Get Creative Friday Series — Releasing The 10 Mental Locks To Creativity

Get Creative Friday Series — Releasing The 10 Mental Locks To Creativity

Let’s face it, being creative is not getting any easier these days.

Famous creativity expert Roger von Oech believes mental locks are the reason. His seminars and products have enriched the creativity of millions of people around the world. He is the author of the classic A Whack on the Side of the Head and other books. Roger is a fellow Ohio State alumnus and after meeting him at my company annual meeting, I began using his methods to create award-winning campaigns for a variety of brands.

“The hallmark of creative people is their mental flexibility. They are able to shift in and out of different types of thinking depending on the needs of the situation at hand. Sometimes, they’re open and probing, at others, they’re playful and off-the-wall. At still others, they’re critical and fault-finding. And finally, they’re doggedly persistent in striving to reach their goals.”

Von Oech has identified 10 mental locks and offers strategies for breaking them and releasing our creativity.

The 10 mental locks include: 1. The Right Answer 2. That’s Not Logical 3. Follow the Rules 4. Be Practical 5. Play is Frivolous 6. That’s Not My Area 7. Don’t Be Foolish 8. Avoiding Ambiguity 9. To Err Is Wrong 10. I’m Not Creative.

Throughout school and business, we have been rewarded for “The Right Answer.” In math and sciences, the right answer is clear and usually the only one. But in liberal arts and the rest of life, there are a range of possible answers to questions based on many factors. Von Oech proposes to not look at life as a series of problems that need to be solved but rather as opportunities. Ask “what if? and gobs of right answers may appear. Even change the question about your challenge. “Different words bring in different assumptions and lead your thinking in different directions.”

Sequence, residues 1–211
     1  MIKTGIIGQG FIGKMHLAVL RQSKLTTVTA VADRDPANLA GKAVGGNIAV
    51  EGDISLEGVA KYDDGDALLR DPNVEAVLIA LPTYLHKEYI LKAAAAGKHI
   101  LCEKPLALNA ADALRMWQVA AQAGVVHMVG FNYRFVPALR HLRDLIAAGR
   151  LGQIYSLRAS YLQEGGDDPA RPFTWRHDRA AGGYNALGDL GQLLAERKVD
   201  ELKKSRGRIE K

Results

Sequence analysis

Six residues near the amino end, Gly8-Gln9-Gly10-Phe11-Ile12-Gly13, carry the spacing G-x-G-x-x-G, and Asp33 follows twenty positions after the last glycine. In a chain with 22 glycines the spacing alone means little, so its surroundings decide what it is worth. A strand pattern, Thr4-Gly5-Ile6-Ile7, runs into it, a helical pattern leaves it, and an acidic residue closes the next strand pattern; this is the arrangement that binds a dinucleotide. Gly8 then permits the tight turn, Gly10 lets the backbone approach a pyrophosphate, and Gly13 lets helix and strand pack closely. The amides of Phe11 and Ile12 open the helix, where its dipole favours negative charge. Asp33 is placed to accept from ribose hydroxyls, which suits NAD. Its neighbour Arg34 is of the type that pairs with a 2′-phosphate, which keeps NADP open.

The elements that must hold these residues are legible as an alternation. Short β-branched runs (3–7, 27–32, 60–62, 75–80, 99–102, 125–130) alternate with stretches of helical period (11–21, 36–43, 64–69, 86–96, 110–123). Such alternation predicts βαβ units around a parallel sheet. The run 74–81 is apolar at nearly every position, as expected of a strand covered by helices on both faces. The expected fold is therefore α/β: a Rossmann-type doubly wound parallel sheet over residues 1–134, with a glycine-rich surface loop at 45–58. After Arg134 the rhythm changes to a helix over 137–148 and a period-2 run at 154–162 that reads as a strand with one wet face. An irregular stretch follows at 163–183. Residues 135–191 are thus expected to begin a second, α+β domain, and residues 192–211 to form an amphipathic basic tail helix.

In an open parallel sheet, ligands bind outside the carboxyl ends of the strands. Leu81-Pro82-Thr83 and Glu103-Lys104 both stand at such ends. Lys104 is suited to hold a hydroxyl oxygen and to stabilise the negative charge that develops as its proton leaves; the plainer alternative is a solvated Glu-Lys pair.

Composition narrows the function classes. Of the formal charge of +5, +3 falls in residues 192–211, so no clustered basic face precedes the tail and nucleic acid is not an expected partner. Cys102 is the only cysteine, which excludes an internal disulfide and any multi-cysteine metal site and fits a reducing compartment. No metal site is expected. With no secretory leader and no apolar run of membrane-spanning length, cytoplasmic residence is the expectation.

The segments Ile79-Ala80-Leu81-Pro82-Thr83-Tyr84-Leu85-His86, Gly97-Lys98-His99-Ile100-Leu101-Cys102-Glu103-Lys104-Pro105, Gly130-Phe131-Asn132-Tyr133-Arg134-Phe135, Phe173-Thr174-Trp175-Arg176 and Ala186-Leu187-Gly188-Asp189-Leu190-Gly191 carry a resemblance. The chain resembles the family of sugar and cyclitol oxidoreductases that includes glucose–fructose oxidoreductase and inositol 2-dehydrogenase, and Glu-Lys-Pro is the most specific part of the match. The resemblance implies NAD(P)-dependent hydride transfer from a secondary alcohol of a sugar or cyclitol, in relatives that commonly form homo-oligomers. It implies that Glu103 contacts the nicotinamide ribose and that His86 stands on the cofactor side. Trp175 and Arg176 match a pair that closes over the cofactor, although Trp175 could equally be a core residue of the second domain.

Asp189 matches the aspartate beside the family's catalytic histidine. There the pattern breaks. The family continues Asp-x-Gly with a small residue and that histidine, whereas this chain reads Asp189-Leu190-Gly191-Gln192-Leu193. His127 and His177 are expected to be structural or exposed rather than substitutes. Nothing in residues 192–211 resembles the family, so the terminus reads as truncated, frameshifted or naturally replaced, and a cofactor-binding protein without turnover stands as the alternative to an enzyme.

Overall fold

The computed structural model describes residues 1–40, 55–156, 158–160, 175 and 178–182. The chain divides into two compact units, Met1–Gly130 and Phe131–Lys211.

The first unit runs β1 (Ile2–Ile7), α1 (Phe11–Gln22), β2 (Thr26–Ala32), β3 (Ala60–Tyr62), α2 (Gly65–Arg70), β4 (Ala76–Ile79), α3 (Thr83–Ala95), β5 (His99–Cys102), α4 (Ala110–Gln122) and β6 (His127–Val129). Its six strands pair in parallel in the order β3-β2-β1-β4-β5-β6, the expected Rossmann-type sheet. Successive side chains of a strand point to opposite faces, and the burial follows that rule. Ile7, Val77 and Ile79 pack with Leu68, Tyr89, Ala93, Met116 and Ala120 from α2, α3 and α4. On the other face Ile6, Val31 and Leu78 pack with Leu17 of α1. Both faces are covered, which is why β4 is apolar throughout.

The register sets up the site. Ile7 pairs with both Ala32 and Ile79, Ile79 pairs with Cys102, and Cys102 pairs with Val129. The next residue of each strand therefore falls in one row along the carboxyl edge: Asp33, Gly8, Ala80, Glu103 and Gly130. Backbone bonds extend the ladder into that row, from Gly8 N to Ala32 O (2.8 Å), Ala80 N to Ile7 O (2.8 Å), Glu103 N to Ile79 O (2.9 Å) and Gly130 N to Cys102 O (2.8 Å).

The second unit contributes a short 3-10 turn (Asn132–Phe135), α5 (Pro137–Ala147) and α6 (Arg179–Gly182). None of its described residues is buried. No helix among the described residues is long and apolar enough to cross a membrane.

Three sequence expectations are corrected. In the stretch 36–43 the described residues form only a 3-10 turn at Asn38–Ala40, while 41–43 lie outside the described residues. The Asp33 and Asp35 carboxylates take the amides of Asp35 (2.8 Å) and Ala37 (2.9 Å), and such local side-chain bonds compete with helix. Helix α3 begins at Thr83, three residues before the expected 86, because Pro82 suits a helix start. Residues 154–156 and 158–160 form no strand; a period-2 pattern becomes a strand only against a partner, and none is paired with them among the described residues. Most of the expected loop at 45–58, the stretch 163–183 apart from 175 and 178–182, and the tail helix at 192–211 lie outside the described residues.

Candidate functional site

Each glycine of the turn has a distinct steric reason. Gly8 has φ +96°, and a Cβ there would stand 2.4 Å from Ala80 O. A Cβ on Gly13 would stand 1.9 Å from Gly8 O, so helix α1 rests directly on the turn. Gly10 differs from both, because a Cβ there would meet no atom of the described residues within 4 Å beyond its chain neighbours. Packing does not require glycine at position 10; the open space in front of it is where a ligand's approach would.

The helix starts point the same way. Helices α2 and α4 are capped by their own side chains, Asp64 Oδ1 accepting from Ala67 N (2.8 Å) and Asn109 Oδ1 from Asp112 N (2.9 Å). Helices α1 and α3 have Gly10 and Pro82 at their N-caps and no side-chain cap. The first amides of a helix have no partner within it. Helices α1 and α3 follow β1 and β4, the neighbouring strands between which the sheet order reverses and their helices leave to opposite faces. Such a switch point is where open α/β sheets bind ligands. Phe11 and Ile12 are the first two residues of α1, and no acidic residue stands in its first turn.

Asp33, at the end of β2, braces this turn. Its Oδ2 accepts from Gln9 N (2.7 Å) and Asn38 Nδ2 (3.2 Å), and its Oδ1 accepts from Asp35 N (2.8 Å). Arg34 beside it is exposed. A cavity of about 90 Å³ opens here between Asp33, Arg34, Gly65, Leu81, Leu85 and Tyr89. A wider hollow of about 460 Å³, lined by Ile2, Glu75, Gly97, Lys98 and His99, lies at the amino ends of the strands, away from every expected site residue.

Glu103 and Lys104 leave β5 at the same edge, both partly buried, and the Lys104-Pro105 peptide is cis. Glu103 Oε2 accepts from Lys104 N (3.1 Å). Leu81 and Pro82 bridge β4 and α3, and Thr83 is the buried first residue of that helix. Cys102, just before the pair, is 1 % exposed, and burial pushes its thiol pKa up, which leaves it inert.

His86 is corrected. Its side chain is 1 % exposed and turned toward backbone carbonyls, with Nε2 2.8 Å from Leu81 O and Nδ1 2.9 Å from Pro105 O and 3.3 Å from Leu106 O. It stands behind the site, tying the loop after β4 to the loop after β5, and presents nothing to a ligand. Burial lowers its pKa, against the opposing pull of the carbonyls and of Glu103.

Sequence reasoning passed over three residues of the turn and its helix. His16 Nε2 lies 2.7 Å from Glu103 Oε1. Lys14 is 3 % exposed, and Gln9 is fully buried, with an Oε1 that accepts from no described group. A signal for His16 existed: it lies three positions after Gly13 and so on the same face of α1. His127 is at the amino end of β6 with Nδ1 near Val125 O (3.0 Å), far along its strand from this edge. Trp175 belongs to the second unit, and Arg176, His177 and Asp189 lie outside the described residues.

When we are stuck in the “That’s Not Logical” mental lock, the worst consequence is failing to be open to the intuitive hunch. Von Oech defines two types of thinking – soft and hard. Soft thinking is like a floodlight, searching for similarities and connections in things.  Hard thinking is like a spotlight, looking for differences in things. In the creative process, when gathering ideas, there are two phases that should operate at different times in the process: the imaginative phase which uses soft thinking and the practical phase which applies hard thinking. In the imaginative phase, we “think something different” and in the practical phase our focus is on “getting something done.” The best way to fight off logical thinking if using metaphors to describe problems or concepts.  Could this be like making lemons from lemonade?

“It’s difficult to be innovative if you’re following blind assumptions.” To be innovative and conquer the mental lock of “Follow the Rules,” we need to play devil’s advocate and not get trapped by what von Oech terms the “Aslan Phenomenon.” In this phenomenon, we continue to follow rules long after any value-changes have taken place, but we don’t evaluate the rules and modify them to reflect new information, development and so on. “Creative thinking involves not only generating new ideas, but escaping from obsolete ones as well.”